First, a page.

As many know, farmers don't typically get much time to rest.
Instead, they are always out there working on their equipment, working in the fields, checking and feeding livestock and making management decisions to determine the future of their farm.
Some of those current management decisions are probably related to seed selection and planting preparations.
Our first topic dealing with farm management relates to seed selection. Seeds are graded to determine the quality of the grain based on standards that are set by the United States Department of Agriculture (USDA). The factors that contribute to the grade are test weight, percentage of intact kernels, percentage of damaged kernels and percentage of foreign matter.
There are five grades of corn with US No. 1 being the highest grade. US No. 1 corn has a minimum test weight of 56 pounds per bushel and up to 2 percent broken corn and foreign material.
In comparison, No. 2 field corn has the minimum test weight of 54 pounds per bushel and 3 percent broken corn and foreign material.
One special grade of corn that might be of interest to some is waxy corn. To grade as waxy corn, it has to have 95 percent or more waxy corn.
Corn is not the only grain that is graded. Some of the others include barley, canola, oats, rye, sorghum and wheat. Yet the other one that is of great importance in Indiana is soybeans.
There are four grades of soybeans with US No. 1 being the highest grade. US No. 1 soybeans have 2 percent total damaged kernels and 10 percent splits. At the other extreme, US No. 4 soybeans have 8 percent total damage kernels and 40 percent splits.
For more information on the grading of corn, soybeans and other commodities, check out the US Grain Standards found at the USDA's Grain Inspection, Packers and Stockyard Administration website.
As a side note, remember not to just buy the cheapest seeds you can find, instead buy the varieties that best fit your needs based on field history, past problems and yield performance.
It might be hard for some to even start thinking about preparing for planting but now might be the best time to do it since you will be nice and warm inside a heated barn when you're working on the planter. Poor planter performance can become a hidden yield robber.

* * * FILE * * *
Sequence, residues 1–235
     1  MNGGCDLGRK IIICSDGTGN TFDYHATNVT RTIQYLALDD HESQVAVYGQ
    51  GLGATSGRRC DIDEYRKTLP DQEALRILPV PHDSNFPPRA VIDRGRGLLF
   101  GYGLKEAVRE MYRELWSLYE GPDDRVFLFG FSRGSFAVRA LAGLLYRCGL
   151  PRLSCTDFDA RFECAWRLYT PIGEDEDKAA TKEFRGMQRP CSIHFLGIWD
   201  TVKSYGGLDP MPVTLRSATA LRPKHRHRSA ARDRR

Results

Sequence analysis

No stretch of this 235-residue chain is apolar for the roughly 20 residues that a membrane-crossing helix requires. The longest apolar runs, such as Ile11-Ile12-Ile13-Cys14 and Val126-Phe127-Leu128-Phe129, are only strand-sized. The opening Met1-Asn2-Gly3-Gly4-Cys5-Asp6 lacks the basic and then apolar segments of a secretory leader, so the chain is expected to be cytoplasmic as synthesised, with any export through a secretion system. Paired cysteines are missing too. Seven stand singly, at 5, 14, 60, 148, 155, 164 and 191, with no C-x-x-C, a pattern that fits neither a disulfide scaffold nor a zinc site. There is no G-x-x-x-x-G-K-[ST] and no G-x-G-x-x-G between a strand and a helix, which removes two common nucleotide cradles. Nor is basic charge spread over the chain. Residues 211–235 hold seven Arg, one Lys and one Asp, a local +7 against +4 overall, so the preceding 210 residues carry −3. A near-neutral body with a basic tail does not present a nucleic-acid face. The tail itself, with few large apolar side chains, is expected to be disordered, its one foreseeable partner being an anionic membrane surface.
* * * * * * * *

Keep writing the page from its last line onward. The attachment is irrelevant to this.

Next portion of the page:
Therefore, making it very important for you to perform some maintenance on your planter before hitting the fields in coming the spring. Some common yield losses that relate to your planter are poor space variation and depth variation in corn kernel placement and skips. That is because when corn plants are too close together, one or both plants become weeds, absorbing water and nutrients, but not producing at their optimal ability.
In comparison, a skip will not be compensated for in neighboring stalks within the row or in neighboring rows.
You are probably wondering what standard deviation of plant space should be in a corn field. Since 100 percent germination is not going to occur, an acceptable standard deviation would be 2-inches given a 90-95 percent germination rate for seed.
However, one suggestion that you might want to follow up on is to talk to your dealer or rep to have each row unit tested with one of the commercial metering test devices.
The standard deviation of plant space is important, but there are other maintenance tasks that you might want to follow.
Check to see that all row units run true to the direction of travel and that they are not skewed due to bent linkage arms or worn bushings. Adjust no-till coulter depth to run one-quarter inch higher than the seed opening disks. Make sure that seed opening disks are sharp and no smaller than 14.5 inches in diameter. Check your seed disks to make sure that they maintain two to two-and-a-half inches of contact. Replace any seed drop tubes that are worn and look for plastic burs inside any new seed tubes that you purchase.
Inspect all chains for wear and sticky links. Remember to replace worn idlers and to lube all chains. Make sure that the closing wheels are outside the seed slot and consider using the beveled gauge wheels that remove the pressure from the slot side walls in no-till.
Farming is a very time consuming occupation that involves a lot of intricate work. While doing this work, remember to always follow the operator's manual for manufacturer recommendations and to spare a few minutes out of your day to spend with your family.
If you have any questions or concerns about agriculture, horticulture or natural resources, please contact your local Purdue Extension Office at 448-9041 or reach me directly via e-mail at firstname.lastname@example.org.
Upcoming opportunities available to you through Purdue Extension include:
Saturday -- Clay County 4-H Expo, 10 a.m.-1 p.m., Clay County Fairgrounds,
* Feb. 27 -- Spring into Spring Seminar, 8 a.m.-4 p.m., Putnam County Fairgrounds. Cost $40 at the door,
* March 3 -- Regional Goat Meeting, 6:30 p.m., Greencastle Courthouse Annex,
* March 12 -- Purdue PARP Program, 8:30 a.m.-1:30 p.m., Equipment Technologies, Inc., Mooresville. Contact 812-829-5020 to register, and
* March 13 -- The Gardeners' Gathering Spring Seminar, 8:30 a.m.-3:30 p.m., Terre Haute. Cost $30. Call 812-462-3371.